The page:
Foreground, middle-ground, background
There is a trusted formula for successful landscape photography. The formula does not suit all scenes but a good number of them. To have great depth and interest to pull the viewer into the image the formula says photograph an image with a good foreground, middle-ground, and background. Ask yourself if you have a clear foreground, a clear middle-ground, and an interesting background. The viewer's eyes will go from the foreground to the middle-ground, and on to the background. This is what we want. We always want our viewers to look into the image rather than from side to side.
At ground level, the middle-ground boulders pierced into the sky making them the background. They would mesh with the mountain in the back and the mountain would lose any prominence. The sky did not have anything to offer the image so there was no point shooting up into it. So I decided to gain some elevation. I climbed up onto the boulders behind this image. The additional height created a scene with a clear foreground, middle-ground, and left the mountains with enough prominence to be the background.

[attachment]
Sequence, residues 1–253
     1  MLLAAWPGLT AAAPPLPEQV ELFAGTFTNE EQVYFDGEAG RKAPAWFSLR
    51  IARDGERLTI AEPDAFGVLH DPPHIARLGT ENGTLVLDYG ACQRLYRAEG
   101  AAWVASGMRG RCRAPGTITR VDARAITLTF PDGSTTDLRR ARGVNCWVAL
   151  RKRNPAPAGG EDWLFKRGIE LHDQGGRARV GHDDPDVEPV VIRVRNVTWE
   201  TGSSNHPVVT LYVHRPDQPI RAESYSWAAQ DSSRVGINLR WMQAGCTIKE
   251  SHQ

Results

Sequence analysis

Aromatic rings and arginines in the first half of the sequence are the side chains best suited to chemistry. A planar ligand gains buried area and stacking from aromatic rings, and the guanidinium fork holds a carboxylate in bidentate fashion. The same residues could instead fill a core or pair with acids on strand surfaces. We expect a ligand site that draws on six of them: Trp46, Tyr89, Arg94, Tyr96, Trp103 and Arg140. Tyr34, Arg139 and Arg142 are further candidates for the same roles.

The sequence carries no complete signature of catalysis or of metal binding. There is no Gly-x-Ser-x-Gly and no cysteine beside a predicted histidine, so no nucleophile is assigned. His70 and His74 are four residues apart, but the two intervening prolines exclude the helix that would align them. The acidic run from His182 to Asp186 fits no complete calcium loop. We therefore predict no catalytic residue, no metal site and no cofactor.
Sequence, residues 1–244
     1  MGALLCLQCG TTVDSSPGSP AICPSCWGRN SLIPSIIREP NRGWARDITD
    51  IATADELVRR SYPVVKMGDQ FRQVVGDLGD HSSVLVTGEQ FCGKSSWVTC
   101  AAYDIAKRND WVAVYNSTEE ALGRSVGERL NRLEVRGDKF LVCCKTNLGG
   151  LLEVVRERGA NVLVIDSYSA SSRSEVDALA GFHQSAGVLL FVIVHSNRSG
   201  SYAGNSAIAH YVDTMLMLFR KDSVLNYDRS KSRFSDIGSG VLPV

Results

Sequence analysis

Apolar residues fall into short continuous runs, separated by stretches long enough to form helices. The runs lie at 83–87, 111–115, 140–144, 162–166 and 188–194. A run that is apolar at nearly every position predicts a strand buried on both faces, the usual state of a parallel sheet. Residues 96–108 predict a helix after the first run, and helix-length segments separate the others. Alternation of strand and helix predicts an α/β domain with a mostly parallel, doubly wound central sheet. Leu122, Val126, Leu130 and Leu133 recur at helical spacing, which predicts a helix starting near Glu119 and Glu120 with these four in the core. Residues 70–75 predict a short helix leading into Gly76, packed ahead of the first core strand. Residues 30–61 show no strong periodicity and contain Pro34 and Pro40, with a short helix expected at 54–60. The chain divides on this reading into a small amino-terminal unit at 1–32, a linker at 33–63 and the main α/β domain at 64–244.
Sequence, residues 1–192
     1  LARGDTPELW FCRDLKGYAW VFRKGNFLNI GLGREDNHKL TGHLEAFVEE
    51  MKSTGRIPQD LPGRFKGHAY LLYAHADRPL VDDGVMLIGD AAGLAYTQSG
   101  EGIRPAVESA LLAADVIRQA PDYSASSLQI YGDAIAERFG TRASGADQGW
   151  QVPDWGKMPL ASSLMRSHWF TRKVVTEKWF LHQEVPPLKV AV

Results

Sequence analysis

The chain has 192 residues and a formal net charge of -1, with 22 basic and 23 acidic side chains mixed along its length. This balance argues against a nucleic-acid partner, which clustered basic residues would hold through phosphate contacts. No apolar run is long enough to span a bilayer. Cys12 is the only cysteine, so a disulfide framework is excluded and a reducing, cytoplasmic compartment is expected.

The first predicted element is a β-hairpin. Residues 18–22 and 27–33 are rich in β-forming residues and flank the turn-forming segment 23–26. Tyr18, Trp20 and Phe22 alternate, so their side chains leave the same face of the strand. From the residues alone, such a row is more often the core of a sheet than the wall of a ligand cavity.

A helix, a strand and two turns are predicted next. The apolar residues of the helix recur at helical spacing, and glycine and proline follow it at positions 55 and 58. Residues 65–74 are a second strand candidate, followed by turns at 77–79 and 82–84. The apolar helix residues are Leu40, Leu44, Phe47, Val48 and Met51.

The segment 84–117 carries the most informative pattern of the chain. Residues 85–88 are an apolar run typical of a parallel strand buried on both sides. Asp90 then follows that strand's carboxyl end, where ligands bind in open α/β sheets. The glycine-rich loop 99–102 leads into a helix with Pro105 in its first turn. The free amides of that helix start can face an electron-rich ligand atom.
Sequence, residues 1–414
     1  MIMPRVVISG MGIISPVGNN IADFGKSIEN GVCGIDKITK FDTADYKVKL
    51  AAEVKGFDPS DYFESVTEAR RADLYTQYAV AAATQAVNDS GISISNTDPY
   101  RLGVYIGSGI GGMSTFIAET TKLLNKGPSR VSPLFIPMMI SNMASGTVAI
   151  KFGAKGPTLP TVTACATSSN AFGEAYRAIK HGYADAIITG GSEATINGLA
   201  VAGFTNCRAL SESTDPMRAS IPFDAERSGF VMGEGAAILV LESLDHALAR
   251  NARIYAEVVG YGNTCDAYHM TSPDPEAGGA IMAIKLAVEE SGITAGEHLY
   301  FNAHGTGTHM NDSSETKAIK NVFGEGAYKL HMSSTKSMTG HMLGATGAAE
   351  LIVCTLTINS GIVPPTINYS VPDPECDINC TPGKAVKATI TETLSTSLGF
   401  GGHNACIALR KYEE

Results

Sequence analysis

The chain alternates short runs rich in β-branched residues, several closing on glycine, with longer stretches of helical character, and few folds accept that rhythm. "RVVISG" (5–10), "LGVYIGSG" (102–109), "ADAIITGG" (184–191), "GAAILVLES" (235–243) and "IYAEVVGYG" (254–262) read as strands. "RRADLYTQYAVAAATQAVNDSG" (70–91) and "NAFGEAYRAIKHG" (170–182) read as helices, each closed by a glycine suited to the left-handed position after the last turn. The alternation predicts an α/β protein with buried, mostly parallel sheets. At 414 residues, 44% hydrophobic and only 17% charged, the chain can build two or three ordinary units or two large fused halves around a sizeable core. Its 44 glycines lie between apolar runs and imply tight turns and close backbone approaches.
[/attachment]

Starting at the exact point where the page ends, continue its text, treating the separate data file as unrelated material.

Having a foreground, middle-ground, and background that is clearly distinct from each other helps to separate them from each other and creates depth. These elements almost act like stepping stones poking out of the water. They invite you to step into the scene. Without them, the water prevents the viewer from crossing it. So a foreground, middle-ground, and background act like stepping stones for our eyes, inviting us to step (visually) from one to the next and into the scene.
Yes, the light is not great which means that the image is not great. But it is not a terrible image either. What made it possible to get an "okay" image in poor light? The trusted formula did its work.
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